The girl was smiling up at Ryuu as they stepped out of the theater together.
"Thank you soooo much!" she gushed.
"Aw, it was no problem," he assured her, grinning. "Anything for a pretty girl like you!"
"I'd have been so scared if it weren't for you," she said. "All my friends have been to see it, and I didn't want to go alone to something so scary..."
"Hey, there's nothing to worry about!" Ryuu assured her. "It was just a movie. But even if it wasn't, I'd totally protect you."
She giggled. "Let's get together again soon, okay? Next time, you can pick the movie."
"I'll call you," he assured her.
He watched her go skipping away, apparently at peace with the world and everything in it. As soon as she was out of sight around the corner, he allowed himself to slump against the wall of the theater and press his hand to his face.
"Oh, my God, I thought I was going to die," he groaned.
Normally, Ryuu liked movies. He liked taking pretty girls to movies. He liked it when they clung to him during tense or romantic moments. What he didn't like was scary movies. If you'd asked him, he would have said only that he preferred things that were sweet and romantic, and that monsters and ghosts tended to be too gruesome for his refined tastes, but the truth was, he just plain got scared. He'd just spent the last hour and a half in a dark theater, watching people get murdered in horrific ways, and forcing himself to appear outwardly calm so as not to embarrass himself in front of a girl.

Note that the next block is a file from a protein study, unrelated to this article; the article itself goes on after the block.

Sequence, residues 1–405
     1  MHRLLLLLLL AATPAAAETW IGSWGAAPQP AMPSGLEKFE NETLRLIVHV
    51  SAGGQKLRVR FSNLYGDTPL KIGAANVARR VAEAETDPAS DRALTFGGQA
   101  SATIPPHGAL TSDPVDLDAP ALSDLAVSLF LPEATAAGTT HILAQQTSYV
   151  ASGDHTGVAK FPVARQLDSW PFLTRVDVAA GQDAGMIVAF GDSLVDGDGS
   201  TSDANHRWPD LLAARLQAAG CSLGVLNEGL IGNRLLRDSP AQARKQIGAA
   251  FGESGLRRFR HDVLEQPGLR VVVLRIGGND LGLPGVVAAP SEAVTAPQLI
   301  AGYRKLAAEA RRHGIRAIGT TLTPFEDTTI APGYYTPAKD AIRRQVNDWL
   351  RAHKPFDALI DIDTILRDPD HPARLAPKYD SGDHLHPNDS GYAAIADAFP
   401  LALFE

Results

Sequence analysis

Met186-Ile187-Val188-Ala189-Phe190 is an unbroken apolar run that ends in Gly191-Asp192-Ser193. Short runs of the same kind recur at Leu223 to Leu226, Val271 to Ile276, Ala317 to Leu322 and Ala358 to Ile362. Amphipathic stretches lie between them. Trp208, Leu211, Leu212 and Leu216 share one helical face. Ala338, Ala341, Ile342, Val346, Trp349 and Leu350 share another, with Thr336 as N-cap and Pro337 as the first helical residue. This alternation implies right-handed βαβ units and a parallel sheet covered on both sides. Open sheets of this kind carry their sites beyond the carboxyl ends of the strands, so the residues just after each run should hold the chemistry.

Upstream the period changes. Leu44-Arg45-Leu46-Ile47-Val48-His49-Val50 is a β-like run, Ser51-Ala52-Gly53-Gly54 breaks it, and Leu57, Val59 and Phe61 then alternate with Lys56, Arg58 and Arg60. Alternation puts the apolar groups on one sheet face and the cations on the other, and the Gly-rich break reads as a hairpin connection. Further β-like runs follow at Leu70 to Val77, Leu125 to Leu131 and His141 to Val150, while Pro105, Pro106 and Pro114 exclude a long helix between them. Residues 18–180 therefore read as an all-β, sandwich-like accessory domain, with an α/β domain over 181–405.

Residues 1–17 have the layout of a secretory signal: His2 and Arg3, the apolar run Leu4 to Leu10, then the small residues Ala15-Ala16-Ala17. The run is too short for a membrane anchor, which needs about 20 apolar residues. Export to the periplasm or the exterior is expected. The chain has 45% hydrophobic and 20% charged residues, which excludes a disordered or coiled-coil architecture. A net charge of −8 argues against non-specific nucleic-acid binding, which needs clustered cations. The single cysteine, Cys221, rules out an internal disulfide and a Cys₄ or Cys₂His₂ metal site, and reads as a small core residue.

Well, she was gone now, and if she ever tried to talk him into watching something like that again just to impress her friends, he was going to find another girl. There were, after all, always more girls.
Now he was free to freak out in privacy. Taking a deep breath, he began walking slowly away from the theater. It was the middle of the week, and the theater-going crowd was sparse. It wasn't long before Ryuu found himself walking alone. His footsteps echoed as he hurried down the sidewalk. A cold breeze blew down off the mountain, and he shivered.
"It's okay," he told himself. "Just keep walking. You're almost there..."
Something moved in the shadows of an alley. Ryuu shrieked and dove behind a mailbox, panting and trembling. A moment later, a lean gray cat with a mouse clamped in its jaws scampered out of the shadows and flitted away. Ryuu heaved a sigh.
"Get hold of yourself," he said. "It was just a stupid cat. Nothing is out here to get you. There's no such thing as ghosts, or monsters, or... well, actually there is such a thing as monsters, come to think of it."